Thursday, December 16, 2010

Coming Tomorrow: Mackinac Center for Public Policy Cigarette Taxes and Smuggling Study

State cigarette excise taxes vary around the country from a low of 17 cents per pack in Missouri to a whopping $4.35 per pack in New York (see map above, data here). Add another $1.50 per pack in New York city taxes, and a pack of Marlboros in Manhattan can now cost as much as $14, according to this recent New York Post article.  As you might expect, those prohibitively high taxes have fueled a huge black market in New York, and the Post reported that "Illegal cigarettes are pouring into neighborhood bodegas by the truckload from neighboring Indian reservations, lower-tax states in the South and even as far away as China."

In a study to be released tomorrow by the Midland (MI)-based Mackinac Center for Public Policy on cigarette smuggling rates for 47 of the contiguous states, Director of Fiscal Policy Mike LaFaive and co-author of the study, estimates that 47.5% of cigarettes purchased in the state of New York during 2009 were smuggled.  And that was before the $4.35 per pack tax went into effect in July. According to the Mackinac Center research, the top five states for cigarette smuggling in 2009 were:

Arizona (51.8 percent);
New York (47.5 percent);
Rhode Island (40.5 percent);
New Mexico (37.2 percent); and
California (36.3 percent).
  
Arizona's high smuggling rate can be explained by recent tax hikes there and its proximity to Mexico.  Rhode Island's third place smuggling rank is likely due to its $3.46 per pack cigarette tax in 2010, second only to New York.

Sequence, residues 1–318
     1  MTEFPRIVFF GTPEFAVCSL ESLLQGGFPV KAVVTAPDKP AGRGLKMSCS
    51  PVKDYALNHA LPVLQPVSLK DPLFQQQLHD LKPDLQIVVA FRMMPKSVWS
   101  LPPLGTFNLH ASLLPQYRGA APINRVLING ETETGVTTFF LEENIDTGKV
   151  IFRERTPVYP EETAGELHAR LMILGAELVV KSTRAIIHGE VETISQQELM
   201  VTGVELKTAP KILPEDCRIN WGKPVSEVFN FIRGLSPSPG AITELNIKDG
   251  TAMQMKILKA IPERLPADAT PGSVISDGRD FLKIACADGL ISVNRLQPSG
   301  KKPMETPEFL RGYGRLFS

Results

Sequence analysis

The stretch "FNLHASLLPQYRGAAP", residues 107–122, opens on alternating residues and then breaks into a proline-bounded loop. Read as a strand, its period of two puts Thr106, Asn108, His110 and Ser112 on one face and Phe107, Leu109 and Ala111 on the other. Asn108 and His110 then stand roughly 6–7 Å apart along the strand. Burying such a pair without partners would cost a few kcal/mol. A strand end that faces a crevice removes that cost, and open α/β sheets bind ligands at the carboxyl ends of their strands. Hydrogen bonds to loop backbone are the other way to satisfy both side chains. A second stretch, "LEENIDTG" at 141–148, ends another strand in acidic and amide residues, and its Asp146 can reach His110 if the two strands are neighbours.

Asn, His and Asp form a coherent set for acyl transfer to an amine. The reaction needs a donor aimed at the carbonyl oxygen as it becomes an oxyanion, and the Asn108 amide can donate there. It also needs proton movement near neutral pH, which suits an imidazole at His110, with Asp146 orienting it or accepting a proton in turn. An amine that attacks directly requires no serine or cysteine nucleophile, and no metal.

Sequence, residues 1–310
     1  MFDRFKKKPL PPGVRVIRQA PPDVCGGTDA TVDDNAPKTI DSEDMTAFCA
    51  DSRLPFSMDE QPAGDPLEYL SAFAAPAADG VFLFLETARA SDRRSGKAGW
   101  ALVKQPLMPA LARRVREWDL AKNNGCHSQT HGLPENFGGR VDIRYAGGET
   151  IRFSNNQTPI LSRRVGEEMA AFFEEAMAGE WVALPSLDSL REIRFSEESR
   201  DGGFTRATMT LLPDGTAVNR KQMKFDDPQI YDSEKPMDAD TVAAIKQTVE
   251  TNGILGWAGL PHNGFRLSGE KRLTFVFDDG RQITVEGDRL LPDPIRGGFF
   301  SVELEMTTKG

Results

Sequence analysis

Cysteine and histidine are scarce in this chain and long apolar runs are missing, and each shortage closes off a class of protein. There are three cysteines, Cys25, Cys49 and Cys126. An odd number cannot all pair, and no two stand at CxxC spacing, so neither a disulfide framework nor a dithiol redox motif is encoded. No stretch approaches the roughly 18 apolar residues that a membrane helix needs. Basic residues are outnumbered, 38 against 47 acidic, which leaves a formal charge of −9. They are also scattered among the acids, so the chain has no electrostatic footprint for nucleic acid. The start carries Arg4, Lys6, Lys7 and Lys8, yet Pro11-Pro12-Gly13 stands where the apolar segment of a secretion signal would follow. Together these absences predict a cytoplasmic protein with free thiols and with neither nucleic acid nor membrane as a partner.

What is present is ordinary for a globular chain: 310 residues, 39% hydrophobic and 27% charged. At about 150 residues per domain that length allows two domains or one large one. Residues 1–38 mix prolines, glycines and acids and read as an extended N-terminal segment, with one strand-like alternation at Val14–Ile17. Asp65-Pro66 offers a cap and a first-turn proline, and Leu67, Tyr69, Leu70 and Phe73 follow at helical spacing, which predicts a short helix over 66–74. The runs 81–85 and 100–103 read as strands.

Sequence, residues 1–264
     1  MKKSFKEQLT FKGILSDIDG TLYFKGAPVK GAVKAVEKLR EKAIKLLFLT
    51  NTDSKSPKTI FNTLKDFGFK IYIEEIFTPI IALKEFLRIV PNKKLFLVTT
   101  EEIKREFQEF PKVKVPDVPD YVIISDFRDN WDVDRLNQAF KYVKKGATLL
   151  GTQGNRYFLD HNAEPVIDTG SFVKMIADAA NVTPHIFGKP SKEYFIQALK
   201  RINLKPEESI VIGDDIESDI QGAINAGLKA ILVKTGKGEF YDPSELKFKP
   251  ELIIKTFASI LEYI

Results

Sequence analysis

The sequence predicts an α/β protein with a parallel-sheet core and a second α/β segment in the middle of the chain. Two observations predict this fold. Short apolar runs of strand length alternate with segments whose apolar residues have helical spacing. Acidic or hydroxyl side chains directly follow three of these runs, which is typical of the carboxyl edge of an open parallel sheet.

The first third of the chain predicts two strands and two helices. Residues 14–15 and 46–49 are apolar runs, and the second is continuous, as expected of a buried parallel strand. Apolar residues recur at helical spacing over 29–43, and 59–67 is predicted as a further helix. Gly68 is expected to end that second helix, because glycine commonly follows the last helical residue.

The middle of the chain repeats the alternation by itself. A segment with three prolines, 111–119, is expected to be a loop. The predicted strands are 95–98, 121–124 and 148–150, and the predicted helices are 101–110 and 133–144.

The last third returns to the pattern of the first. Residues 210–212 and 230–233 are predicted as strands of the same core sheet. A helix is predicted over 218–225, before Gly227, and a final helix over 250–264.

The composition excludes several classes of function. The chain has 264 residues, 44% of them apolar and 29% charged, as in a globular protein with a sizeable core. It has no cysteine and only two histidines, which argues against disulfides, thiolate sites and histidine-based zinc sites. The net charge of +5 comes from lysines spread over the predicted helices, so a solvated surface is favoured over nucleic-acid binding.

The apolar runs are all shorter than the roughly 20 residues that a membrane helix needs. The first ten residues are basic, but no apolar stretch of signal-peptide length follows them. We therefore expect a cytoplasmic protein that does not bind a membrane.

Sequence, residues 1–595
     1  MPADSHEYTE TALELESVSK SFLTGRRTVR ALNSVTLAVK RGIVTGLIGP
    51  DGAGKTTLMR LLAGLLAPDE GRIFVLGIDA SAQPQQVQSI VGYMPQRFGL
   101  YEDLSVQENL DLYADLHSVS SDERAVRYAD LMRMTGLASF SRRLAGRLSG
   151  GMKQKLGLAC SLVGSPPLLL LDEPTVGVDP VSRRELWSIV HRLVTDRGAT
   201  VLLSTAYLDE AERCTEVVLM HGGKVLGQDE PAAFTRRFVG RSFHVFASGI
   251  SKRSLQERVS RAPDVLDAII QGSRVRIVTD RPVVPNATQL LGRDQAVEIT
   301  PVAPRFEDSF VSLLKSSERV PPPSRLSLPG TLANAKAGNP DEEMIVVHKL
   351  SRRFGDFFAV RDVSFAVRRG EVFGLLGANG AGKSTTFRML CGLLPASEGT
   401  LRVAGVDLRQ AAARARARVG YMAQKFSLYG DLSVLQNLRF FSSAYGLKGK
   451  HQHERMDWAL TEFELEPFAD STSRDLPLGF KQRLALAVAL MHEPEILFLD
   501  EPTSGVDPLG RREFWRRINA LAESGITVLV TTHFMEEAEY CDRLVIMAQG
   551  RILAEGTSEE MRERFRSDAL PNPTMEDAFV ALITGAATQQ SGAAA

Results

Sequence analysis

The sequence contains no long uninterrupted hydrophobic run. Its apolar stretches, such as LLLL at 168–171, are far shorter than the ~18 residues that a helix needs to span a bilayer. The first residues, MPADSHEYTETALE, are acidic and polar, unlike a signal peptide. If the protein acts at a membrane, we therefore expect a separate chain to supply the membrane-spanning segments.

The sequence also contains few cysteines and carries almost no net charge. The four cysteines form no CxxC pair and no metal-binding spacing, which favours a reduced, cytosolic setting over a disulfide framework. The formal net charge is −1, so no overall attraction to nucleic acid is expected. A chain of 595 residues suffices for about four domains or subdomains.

The new study is an update of the Mackinac Center's 2006 study "Cigarette Taxes and Smuggling: A Statistical Analysis and Historical Review, which estimated cigarette smuggling by state and documented how smuggling undermines the two major reasons that states raise cigarette taxes: to decrease smoking for health reasons, and to increase state tax revenue. 

More details to follow once the new report is released publicly tomorrow. 

11 Comments:

At 12/16/2010 11:47 PM, Blogger Benjamin said...

Milton Friedman advised taxing economically negative activity and pollution.

Of all taxes, cigarette taxes strike me as the most reasonable...would you rather tax productive behavior, such as working or investing?

There should be a hefty and enforced national cigarette tax.

 
At 12/17/2010 2:16 AM, Blogger bob wright said...

Taxing negative economic activity is a good idea.

We could start by giving every taxpayer a refund based on the number of pages in every law passed by the U.S. congress.

A 2,000 page health care bill would result in a $2,000 refund for every tax payer.

 
At 12/17/2010 3:50 AM, Blogger PeakTrader said...

Someone once told me when cigarette taxes went way up his smoking increased.

When cigarettes were cheap, he smoked half a cigarette and threw it away, and when they became expensive, he smoked the whole cigarette, and the second half was more powerful than the first half.

I don't know if he also bought stronger cigarettes, to compensate for the higher price, or bought illegal cigarettes.

 
At 12/17/2010 7:01 AM, Blogger juandos said...

"Milton Friedman advised taxing economically negative activity and pollution"...

Per your usual style pseudo benny, pure drivel...

"Of all taxes, cigarette taxes strike me as the most reasonable...would you rather tax productive behavior, such as working or investing?"...

I think you and your ilk should be taxed excessivly now that I think about it...

You do neither work or invest but then again waste is waste...

"There should be a hefty and enforced national cigarette tax"...